In fact, MoP has been playing this role in many of the other norms notified in the same notification too: the SO2 norms, the NOx norms, the specific water consumption norms. We will highlight these in a subsequent blog.

This is a clear indication that the ministry of power considers itself superior to the ministry of environment in the unsaid hierarchy that prevails in the system. The complete lack of any action against the non-compliance, and the total silence and acceptance of these actions by the MoEFCC only indicates that MoEFCC is willing to accept this secondary position and abdicate its responsibilities and duties.


[1] Documents obtained by Sunil Dahiya, Analyst, CREA under RTI and made available to us.

[2] EPA Notification [GSR 7, dated Dec. 22, 1998] Amending the Environment (Protection) Rules 1986.

Thursday, July 2, 2020

Draft EIA 2020 Notification – What Next: Some Thoughts

Background-Time for Comments Extended

The timeline for public comments/objections to the EIA Notification (Draft) 2020 [Draft2020] has been extended till 11th August 2020 by the Delhi High Court via its Order dated 30th June 2020. The same order also requires the MoEFCC to translate the Draft2020 into all the languages of the 8th Schedule of the Constitution so that it can effectively reach different parts of the country.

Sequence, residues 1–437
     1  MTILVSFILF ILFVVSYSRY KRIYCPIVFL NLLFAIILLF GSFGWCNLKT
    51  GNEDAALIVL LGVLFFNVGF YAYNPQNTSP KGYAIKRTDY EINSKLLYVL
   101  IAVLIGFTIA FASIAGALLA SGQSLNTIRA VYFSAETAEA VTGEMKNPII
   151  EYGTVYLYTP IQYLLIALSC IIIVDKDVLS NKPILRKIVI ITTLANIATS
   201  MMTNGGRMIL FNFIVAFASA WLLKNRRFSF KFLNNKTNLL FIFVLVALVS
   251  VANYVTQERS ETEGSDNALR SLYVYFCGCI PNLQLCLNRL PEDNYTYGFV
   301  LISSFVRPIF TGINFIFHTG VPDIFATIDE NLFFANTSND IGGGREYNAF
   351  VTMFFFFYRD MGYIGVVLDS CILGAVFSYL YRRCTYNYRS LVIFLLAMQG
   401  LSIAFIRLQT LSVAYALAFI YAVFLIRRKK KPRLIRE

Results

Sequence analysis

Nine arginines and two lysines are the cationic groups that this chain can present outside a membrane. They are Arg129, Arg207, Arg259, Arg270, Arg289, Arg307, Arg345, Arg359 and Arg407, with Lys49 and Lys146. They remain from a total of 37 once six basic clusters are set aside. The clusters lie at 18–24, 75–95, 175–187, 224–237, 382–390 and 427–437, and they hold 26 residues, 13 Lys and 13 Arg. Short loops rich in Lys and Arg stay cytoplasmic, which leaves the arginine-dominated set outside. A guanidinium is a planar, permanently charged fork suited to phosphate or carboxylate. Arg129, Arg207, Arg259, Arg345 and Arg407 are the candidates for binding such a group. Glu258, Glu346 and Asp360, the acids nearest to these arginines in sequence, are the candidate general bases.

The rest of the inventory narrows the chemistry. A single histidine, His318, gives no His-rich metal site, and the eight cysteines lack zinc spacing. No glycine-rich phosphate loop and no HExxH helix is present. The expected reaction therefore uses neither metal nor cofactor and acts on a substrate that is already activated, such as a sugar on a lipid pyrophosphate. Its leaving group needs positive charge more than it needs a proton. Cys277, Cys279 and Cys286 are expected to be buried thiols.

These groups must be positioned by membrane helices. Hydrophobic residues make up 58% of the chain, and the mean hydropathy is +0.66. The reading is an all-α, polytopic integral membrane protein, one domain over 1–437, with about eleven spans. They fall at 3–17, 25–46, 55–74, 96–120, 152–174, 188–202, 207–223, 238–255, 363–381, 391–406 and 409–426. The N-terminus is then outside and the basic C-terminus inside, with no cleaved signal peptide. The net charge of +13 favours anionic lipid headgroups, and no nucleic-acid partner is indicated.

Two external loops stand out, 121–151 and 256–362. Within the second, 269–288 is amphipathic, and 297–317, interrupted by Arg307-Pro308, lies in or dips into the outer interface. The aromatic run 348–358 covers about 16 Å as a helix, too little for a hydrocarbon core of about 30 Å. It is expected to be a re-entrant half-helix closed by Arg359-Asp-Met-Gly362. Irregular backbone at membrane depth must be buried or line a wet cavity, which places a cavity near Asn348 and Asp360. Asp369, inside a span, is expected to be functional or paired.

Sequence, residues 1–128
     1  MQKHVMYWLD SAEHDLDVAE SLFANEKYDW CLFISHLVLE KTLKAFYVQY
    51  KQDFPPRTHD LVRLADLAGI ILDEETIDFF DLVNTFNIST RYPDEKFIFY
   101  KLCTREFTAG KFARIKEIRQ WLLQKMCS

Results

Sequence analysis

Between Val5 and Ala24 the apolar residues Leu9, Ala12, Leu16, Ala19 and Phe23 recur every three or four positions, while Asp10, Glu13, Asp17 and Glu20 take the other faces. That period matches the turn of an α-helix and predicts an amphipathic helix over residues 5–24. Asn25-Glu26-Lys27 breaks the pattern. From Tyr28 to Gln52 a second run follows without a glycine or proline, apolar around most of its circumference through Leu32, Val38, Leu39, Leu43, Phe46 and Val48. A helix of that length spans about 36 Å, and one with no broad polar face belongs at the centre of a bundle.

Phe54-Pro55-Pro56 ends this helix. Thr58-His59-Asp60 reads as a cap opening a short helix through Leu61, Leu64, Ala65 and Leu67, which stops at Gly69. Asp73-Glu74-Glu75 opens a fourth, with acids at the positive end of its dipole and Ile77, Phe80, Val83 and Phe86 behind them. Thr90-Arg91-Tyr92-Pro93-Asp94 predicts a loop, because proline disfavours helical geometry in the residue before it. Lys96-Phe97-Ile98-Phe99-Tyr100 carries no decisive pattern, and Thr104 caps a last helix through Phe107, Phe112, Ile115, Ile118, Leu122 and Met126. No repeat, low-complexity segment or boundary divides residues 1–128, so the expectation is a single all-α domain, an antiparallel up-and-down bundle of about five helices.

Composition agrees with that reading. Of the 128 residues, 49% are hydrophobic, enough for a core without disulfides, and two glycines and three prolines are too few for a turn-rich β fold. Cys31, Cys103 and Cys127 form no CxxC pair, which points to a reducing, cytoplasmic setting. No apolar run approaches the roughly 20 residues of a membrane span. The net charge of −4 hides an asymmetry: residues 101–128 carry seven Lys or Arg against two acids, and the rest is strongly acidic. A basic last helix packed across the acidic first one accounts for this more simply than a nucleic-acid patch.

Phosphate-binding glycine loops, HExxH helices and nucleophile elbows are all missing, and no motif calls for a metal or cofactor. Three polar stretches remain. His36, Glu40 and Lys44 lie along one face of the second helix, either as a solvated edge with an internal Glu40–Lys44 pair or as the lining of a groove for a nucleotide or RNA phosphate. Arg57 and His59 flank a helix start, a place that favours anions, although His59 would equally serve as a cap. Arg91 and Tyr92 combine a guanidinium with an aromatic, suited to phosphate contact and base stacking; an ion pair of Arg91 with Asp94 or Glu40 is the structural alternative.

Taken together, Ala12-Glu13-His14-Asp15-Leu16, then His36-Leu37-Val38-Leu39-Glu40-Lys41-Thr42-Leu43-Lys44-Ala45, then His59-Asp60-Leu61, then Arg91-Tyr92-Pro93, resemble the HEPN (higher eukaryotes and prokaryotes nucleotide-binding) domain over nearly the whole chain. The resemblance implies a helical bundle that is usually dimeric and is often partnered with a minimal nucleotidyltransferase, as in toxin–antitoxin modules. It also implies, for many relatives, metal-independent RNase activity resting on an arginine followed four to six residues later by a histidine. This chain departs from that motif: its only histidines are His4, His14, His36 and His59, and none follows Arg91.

A dredger in the Gandak River. (Photo: Shripad Dharmadhikary)

This opens up the opportunity for more and wider set of people to respond to the Draft2020. We welcome the order by the Delhi High Court for the extension of this deadline, and wish to point out that it is not just the time at which the Notification was released that was problematic  (with the country under lockdown) but that the Draft Notification is the problem in itself. Many research groups, movements and civil society organisations working on the issues related with environment, including Manthan, have foregrounded the critique of the EIA Notification Draft 2020 time and again during this lockdown and shown that the Draft2020 is deeply flawed, its provisions are against the basic principles of environmental protection and it weaken an already weak environmental governance regime represented by the existing version of the Notification (2006).

Therefore, we join the call by many other environmental groups to REJECT this Notification. At the same time, we also want to share some thoughts in how to go from here.

Thoughts for Way Forward – Drawing from Submissions and Discussions